2004's Top Ten Films

2004 may have been a bad year if you were a staunch Democrat or an avid Yankee fan, but it was a terrific year if you were a film lover. Independent films such as Garden State and Napoleon Dynamite broke through the art-house circuit and played in multiplexes. One documentary, Fahrenheit 9/11 , broke the $100 million dollar barrier and another, Super Size Me , was also a financial success. Both captured America's attention. Even The Passion of the Christ, which was highly overrated, still achieved something positive. It's not so much that it made money, but that it attracted new audiences to the theater, demographics that normally stay away in droves.

You might be asking why, if I'm presenting 2004 in such a favorable light, did so many critics harangue the year. I'm not 100 percent sure, but I think it's because most critics need to see each and every film Hollywood produces. In any given year, the majority of mainstream movies will be subpar. Has always been that way and always will. So when looking back, many critics focus on the crap. But you and I don't have to see every film. We can select wisely if there's enough quality to choose from. In 2004 there was more than enough, much of it coming from independent distributors or the specialty divisions of major studios. Even much maligned Hollywood had some stellar films, primarily from master filmmakers such as Clint Eastwood, Quentin Tarantino, Martin Scorsese, and the crew from Pixar. They prove that the money you spend, the visual effects you use, and your marketing budget are all less important than whether you simply know how to tell a good story.

With that, I first offer my “Honorable Mention” list (in alphabetical order):

  • Collateral
  • Beyond the Sea
  • Fahrenheit 9/11
  • Finding Neverland
  • In Good Company
  • P.S.
  • The Sea Inside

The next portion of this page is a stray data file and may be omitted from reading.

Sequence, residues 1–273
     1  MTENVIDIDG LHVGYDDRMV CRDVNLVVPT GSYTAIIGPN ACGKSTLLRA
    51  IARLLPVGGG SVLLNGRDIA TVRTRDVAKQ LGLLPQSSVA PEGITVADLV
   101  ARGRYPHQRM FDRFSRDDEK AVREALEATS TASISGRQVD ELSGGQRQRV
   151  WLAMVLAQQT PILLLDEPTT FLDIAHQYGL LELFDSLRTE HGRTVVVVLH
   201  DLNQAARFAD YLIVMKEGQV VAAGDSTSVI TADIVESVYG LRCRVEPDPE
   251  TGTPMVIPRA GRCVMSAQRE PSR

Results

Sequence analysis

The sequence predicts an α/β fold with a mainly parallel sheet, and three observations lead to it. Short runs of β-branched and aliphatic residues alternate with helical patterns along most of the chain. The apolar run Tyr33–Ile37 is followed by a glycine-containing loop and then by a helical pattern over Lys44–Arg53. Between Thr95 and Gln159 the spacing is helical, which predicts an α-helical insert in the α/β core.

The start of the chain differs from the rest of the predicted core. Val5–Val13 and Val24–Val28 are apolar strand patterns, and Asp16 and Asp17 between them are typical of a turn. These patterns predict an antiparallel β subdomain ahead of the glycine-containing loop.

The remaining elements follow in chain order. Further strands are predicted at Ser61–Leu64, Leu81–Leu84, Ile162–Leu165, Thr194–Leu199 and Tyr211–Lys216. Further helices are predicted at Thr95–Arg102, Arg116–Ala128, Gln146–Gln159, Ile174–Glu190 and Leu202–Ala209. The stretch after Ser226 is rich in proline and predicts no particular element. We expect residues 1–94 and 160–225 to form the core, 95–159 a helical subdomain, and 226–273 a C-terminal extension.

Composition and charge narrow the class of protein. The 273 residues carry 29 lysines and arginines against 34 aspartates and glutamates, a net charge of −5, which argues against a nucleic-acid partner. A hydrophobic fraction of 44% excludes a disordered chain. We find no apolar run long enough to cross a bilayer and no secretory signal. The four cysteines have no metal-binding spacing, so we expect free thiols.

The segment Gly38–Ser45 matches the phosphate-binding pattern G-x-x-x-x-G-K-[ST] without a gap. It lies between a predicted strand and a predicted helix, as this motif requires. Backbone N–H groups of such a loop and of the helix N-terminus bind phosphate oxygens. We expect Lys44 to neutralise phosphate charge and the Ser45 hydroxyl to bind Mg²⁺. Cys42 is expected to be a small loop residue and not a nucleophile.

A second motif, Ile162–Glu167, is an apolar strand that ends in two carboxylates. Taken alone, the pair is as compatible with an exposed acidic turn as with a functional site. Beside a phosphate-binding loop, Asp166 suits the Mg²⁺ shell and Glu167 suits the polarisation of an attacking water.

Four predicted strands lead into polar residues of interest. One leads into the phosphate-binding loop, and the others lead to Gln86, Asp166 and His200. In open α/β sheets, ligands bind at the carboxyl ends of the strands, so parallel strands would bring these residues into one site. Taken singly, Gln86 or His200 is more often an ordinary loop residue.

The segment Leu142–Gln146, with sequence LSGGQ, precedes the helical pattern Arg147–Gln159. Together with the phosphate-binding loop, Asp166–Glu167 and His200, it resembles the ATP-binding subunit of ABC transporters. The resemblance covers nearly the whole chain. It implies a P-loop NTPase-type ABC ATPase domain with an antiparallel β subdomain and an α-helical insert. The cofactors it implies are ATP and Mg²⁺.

• Shrek 2
  • Spider-Man 2
  • Super Size Me

And now, my picks for the best of the year:

10. Million Dollar Baby (dir. Clint Eastwood)
Much has been made, and rightly so, of Eastwood's lean and mean directing style (few takes, films done on time and under budget). To me it's very simple. He finds an interesting story, hires talented actors and let's them do their jobs. He focuses on these actors and the story without anything self-conscious that would distract you. Certainly this was all true with Million Dollar Baby . The plot would seem to be a cliche. Frankie Dunn, a has-been boxing trainer, reluctantly trains Maggie, who would seem to be the unlikeliest of contenders. But the story avoids the easy traps both by giving its characters more depth than you would expect and by taking a surprising turn two thirds of the way in. It's about the relationships as much as Maggie's rise to the top. Also, while Million Dollar Baby is not a “boxing film” per se, it respects the art and skill in the sport, instead of depicting it as two people just pounding away at each other. Eastwood, as Frankie, plays old and crusty as he does so well, but also gives Frankie vulnerability. Morgan Freeman slides effortlessly into the role of Eddie, Frankie's friend and confidant. He and Eastwood have a chemistry that can't be faked. Hilary Swank, as Maggie, shows that her Oscar winning performance in Boy's Don't Cry was no fluke. She is totally convincing, both in the ring and out. Many directors decline when they hit their seventies; Eastwood just seems to grow stronger.

9. Kinsey (dir. Bill Condon)
Kinsey is a balanced look at Alfred Kinsey, a pioneer of the modern understanding of sexuality. The film examines Kinsey's effect on America and his effect on those around him. Condon deftly illustrates how Kinsey's strengths as a researcher: curiosity, single-mindedness and unwavering determination, were also his weakness as a human being. He strove to understand human behavior through purely scientific means, and somehow could not understand that what he did hurt his family and friends. Condon ingeniously frames his film through having Kinsey answer one of his own surveys, so you get to know both the man and his methods. As Kinsey, Liam Neeson grabs your attention from moment one, and holds it through the rest of the film. He not only sports an American accent, but he has the perfect Midwestern twang. Kinsey features other terrific acting, from Peter Saarsgard, John Lithgow, and especially Laura Linney as Clara, Kinsey's exasperated but understanding wife. Linney conveys so much in limited screen time, especially in one scene where Clara finally breaks down and tells Kinsey how much he has hurt her. There are still many people today who have a problem with Kinsey's research and its impact, but that should not take away from this fine film.

8. Hotel Rwanda (dir. Terry George)